Politics

RCMP says it will limit its use of facial recognition tech — but won't stop using it entirely

The RCMP says it will now only use Clearview AI “in very limited and specific circumstances" as concerns mount about the police force’s use of the controversial facial recognition technology.

Mounties first denied using facial recognition technology, then said they had been using it for months

The RCMP says it's reviewing its use of facial recognition technology, particularly Clearview AI. (Shaun Best/Reuters)

The RCMP says it will now use Clearview AI only "in very limited and specific circumstances" as concerns grow about the police force's use of the controversial facial recognition technology.

"Our review of the continued use of this technology, and particularly Clearview AI, is ongoing," said RCMP spokesperson Catherine Fortin in an email to CBC News today.

"In the interim, given the sensitivities surrounding facial recognition technology, we will only be using it in very limited and specific circumstances. The RCMP will only use facial recognition technology, including Clearview AI, in exigent circumstances for victim identification in child sexual exploitation investigations, or in circumstances where threat to life or grievous bodily harm may be imminent."

Concerns about the software intensified earlier this year after a New York Times investigation revealed that the software had extracted more than three billion photos from public websites like Facebook and Instagram, turning them into a database used by more than 600 law enforcement agencies in the U.S., Canada and elsewhere.

Following reports the company's client list had been hacked, the Mounties issued a statement at the end of last month confirming it had been using the technology for at least the previous four months — weeks after denying it. 

The force said its child exploitation unit has used the technology for about four months, resulting in the rescue of two children.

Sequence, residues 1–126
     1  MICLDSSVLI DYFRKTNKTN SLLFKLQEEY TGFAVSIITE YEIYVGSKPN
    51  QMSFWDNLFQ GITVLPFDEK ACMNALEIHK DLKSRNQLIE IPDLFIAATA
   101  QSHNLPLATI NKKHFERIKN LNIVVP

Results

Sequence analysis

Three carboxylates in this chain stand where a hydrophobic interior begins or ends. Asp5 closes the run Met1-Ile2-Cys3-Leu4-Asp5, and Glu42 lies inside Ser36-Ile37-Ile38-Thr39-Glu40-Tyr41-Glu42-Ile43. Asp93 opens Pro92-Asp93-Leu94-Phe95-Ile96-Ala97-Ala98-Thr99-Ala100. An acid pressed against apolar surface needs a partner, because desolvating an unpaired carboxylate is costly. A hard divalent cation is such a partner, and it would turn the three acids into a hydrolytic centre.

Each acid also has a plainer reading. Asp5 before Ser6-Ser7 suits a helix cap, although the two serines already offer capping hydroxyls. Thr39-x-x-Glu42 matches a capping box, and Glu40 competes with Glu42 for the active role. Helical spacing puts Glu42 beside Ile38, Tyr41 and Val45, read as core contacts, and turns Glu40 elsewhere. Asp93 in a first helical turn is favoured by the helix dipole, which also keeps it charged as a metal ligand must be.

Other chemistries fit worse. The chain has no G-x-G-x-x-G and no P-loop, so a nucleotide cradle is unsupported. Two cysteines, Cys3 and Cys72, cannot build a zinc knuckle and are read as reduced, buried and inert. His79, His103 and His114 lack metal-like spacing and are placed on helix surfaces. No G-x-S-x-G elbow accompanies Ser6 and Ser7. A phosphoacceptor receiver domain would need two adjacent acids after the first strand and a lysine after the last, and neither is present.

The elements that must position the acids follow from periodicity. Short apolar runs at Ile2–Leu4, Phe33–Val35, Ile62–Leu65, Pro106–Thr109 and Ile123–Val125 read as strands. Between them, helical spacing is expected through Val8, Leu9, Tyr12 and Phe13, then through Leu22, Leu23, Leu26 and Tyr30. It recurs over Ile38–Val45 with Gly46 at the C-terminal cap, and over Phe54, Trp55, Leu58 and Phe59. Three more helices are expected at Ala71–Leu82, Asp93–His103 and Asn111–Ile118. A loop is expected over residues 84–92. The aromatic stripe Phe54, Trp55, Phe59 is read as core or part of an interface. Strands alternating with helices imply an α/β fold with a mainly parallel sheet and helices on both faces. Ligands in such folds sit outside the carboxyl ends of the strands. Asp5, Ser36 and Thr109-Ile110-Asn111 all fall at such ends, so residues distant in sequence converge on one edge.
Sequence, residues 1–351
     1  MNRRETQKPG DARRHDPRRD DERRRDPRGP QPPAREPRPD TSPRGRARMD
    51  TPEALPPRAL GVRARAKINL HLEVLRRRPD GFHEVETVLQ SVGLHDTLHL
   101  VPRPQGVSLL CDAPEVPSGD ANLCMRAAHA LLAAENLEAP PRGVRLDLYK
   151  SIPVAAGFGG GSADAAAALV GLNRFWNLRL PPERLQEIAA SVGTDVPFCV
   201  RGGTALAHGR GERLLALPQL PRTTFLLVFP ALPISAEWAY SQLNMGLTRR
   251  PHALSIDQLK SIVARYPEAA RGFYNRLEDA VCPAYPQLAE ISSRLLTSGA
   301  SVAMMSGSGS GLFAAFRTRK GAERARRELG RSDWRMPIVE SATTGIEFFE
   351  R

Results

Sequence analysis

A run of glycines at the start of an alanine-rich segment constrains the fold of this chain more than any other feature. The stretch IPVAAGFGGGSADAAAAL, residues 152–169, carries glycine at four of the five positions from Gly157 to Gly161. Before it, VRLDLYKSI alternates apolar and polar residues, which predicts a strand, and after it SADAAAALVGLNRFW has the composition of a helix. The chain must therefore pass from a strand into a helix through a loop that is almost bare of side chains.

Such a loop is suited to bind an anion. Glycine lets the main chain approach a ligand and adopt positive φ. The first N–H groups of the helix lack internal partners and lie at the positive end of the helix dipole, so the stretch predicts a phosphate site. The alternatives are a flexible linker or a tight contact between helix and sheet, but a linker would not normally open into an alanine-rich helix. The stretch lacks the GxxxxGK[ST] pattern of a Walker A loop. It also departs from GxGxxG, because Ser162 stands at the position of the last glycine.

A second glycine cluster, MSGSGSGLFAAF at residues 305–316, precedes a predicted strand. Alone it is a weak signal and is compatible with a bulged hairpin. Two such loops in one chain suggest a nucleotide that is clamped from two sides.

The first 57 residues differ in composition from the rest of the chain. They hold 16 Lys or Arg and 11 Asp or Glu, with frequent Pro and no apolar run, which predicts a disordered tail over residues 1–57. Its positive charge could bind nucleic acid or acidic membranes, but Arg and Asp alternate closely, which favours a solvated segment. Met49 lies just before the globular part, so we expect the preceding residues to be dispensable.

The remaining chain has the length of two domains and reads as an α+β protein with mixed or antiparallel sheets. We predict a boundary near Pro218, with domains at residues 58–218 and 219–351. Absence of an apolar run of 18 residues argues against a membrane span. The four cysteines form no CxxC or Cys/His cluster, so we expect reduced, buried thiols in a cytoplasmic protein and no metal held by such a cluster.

At the time, it also acknowledged "a few units in the RCMP" are using the controversial tech to "enhance criminal investigations."

NDP MP Charlie Angus speaks about facial recognition technology during a news conference on Parliament Hill in Ottawa, Monday, March 9, 2020. (Adrian Wyld/Canadian Press)

On Monday, a spokesperson said six trial licences were used by RCMP units that "focus on criminal investigations" — which could refer to almost any section of the RCMP.

"These trial licences were used to assess its potential for use in a criminal investigation, or to help advance a criminal investigation," said Fortin in an email to CBC News.

NDP pushes for temporary ban 

Clearview AI's powerful technology can unearth items of personal information — including a person's name, phone number, address or occupation — based on nothing more than a photo.

NDP MP Charlie Angus repeated his call on Monday for the Liberal government to issue a moratorium on the commercial, private and public sector use of Clearview AI in public spaces until the privacy commissioner finishes his investigation into the company.

During a news conference Monday, Angus said the technology is open to abuse.

"The potential for this technology to track our personal lives and our movements is positively dystopian and we deserve basic protections from our government," he said.

"In the U.S., many municipalities are banning the use of facial recognition software like this. The Liberal government should follow suit, at least until we know for a fact that no laws in Canada have been breached."

The federal Office of the Privacy Commissioner opened an investigation into whether the Mounties' use of facial recognition software violates federal privacy law just over a week ago. That's happening as the House of Commons access to information, privacy and ethics committee begins its own probe into the ramifications of facial recognition technology.

The RCMP said it will work with federal Privacy Commissioner Daniel Therrien on guidelines for the use of facial-recognition technology under Canadian law.

Public Safety Minister Bill Blair's office has said his department "look[s] forward" to seeing Therrien's report.

"We are committed to protecting the rights of Canadians, including the right to privacy," said a ministry spokesperson in a statement last week.

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